The Pontiff honored the martyrs of the persecuted Hungarian Church
"From all of Pope Francis' speeches during his visit to Hungary, it was evident that he pays attention to our concerns and our situation. We received the encouragement we needed from him," said Cardinal Péter Erdő, pointing out that the martyrs of the persecuted Church were specially honored.
Pope Francis, following the 2021 International Eucharistic Congress, decided to return to Hungary for a pastoral visit, which “is intended for us,” and he did not change his decision despite the outbreak of war and the insistence of the global media that the true purpose of the papal visit was a possible political negotiation, all of which proved to be untrue. As Cardinal Erdő Péter noted, he immediately expressed his gratitude to the Holy Father in a letter after the papal visit.
Erdő Péter mentioned that Pope Francis enjoys visiting small nations, and although Hungary is located in the heart of Europe, our history shows that we have always been a borderland between East and West, or even between North and South. This has brought about much suffering but also many lessons and opportunities throughout time, he said, citing the possibility of dialogue.
This was also indicated by the logo of the visit, featuring a river image, which not only separates but also, if we can build bridges, connects communities, he added.
Erdő Péter mentioned the speech of Pope Francis at the Carmelite Monastery, delivered in front of the diplomatic corps, which, despite addressing politicians, was much more pastoral than political. Even though he emphasized European values, he did not speak about specific political actions, causing “some surprise,” he remarked.
According to the Cardinal, considering Hungarian history, Pope Francis was much less strict with priests and bishops during his meetings at St. Stephen’s Basilica than usual. The Pope empathized with the situation of the Hungarian Church, which suffered greatly during the communist era, “he knew” when priests and monks were imprisoned, and although he provided advice to the Hungarian community, he was not as harsh with the clergy as he typically is.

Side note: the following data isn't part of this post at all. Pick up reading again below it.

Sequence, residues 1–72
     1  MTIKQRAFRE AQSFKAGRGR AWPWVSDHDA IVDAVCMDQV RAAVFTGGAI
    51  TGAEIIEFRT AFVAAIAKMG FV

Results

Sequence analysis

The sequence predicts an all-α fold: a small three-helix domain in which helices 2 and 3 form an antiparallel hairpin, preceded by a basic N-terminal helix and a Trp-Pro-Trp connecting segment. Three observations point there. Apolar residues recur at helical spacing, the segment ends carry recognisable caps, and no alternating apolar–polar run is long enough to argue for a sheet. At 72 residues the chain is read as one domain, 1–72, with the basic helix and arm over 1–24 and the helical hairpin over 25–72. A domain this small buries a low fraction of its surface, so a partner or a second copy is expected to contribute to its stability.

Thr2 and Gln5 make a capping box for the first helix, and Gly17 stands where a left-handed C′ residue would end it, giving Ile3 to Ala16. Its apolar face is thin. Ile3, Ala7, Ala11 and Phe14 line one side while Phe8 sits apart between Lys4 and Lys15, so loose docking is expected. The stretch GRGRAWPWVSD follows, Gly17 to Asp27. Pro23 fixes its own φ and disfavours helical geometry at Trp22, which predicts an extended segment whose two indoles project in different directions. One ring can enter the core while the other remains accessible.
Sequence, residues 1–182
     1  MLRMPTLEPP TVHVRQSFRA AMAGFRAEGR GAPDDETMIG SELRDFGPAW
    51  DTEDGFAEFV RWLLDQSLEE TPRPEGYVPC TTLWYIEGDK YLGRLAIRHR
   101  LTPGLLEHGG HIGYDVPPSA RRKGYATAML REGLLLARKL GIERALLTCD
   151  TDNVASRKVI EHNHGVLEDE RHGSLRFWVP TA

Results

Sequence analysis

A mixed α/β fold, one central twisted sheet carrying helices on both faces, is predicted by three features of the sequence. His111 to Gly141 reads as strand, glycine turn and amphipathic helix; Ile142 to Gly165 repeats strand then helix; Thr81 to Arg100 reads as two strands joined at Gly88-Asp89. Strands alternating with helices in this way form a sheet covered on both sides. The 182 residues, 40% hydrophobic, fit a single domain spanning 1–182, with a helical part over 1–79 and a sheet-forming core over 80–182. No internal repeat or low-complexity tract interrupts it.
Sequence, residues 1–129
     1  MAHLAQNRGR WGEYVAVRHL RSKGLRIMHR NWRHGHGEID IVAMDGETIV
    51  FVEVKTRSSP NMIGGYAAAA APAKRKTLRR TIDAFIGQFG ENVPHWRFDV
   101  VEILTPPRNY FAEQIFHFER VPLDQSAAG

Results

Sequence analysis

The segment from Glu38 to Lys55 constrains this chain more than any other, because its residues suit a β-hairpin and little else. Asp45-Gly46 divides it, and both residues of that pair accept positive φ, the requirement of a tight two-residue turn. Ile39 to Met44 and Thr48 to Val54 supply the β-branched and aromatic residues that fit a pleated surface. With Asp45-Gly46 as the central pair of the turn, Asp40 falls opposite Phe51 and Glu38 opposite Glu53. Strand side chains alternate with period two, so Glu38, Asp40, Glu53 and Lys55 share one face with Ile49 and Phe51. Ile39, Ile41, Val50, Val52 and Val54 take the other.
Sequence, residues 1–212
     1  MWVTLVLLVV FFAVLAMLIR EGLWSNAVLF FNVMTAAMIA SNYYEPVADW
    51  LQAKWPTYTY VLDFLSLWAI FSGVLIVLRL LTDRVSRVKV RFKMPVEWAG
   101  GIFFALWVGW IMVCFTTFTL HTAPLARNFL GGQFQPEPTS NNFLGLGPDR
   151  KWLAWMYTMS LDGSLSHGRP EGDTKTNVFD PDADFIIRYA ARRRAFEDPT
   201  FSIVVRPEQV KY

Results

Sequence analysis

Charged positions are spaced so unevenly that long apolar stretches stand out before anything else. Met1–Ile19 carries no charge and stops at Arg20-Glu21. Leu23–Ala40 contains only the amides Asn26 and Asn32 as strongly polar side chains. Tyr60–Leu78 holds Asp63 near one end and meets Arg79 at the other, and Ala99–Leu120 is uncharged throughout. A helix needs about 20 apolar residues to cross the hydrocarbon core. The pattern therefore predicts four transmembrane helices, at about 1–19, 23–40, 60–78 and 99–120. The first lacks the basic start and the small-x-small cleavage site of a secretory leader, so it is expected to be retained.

Pope Francis spoke at Heroes’ Square about supporting the vulnerable and welcoming refugees, recalled Erdő Péter, adding that there is a false perception in the world public opinion that Hungarians do not value diversity. However, the Kiev annals mention the conquering Hungarians who traveled with their livestock for weeks: for two weeks, the “white Hungarians” went, followed by two weeks of the “black Hungarians”. This shows that even in Kiev, they were not uniform in color. In the Carpathian Basin, the conquering Hungarians encountered other ethnic groups, and after the Turkish rule, the country had to be resettled. So, far from not appreciating diversity, “we are all different,” as half of the people living in present-day Hungary are descendants of those who settled after the Turkish era, and it is a “cultural miracle” that we have all become Hungarians.
Comparing the recent apostolic visit to the one 33 years ago, Erdő Péter recalled that the year 1991 was in many ways euphoric and full of expectations. The constraints of communism had already ceased, although signs of economic troubles were apparent, society had not yet realized them. In contrast, after many disappointments and becoming disheartened, we awaited the Pope for encouragement and hope, to see the value in our own best initiatives and carry them forward. And we received this encouragement – the cardinal appreciated.
Erdő Péter emphasized the importance of Pope Francis referring to Saint Stephen in his speeches in Hungary. At the closing Mass in Kossuth Square, he once again offered Hungary to the Virgin Mary, as he repeated his offer from last year for Ukraine and Russia. With this, the Holy Father expressed that we greatly need the intercession of the Virgin Mary, he added.
The motto of the papal visit – “Christ is our future” – according to the cardinal, conveys a strong message. The universal Church is also at a crossroads, and it must ask the question of whether being a Christian means merely proclaiming what is popular by considering the demands of the contemporary world or being “disciples of Christ.”